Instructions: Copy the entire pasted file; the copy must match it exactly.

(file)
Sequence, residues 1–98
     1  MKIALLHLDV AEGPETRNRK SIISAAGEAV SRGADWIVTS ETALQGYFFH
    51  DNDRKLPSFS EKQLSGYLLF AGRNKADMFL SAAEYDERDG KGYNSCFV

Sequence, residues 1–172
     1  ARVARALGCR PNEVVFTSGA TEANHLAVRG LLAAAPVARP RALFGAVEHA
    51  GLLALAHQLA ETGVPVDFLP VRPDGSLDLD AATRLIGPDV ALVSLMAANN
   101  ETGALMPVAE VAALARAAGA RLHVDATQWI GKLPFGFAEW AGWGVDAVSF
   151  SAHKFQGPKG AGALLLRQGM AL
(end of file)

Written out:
Sequence, residues 1–98
     1  MKIALLHLDV AEGPETRNRK SIISAAGEAV SRGADWIVTS ETALQGYFFH
    51  DNDRKLPSFS EKQLSGYLLF AGRNKADMFL SAAEYDERDG KGYNSCFV

Sequence, residues 1–172
     1  ARVARALGCR PNEVVFTSGA TEANHLAVRG LLAAAPVARP RALFGAVEHA
    51  GLLALAHQLA ETGVPVDFLP VRPDGSLDLD AATRLIGPDV ALVSLMAANN
   101  ETGALMPVAE VAALARAAGA RLHVDATQWI GKLPFGFAEW AGWGVDAVSF
   151  SAHKFQGPKG AGALLLRQGM AL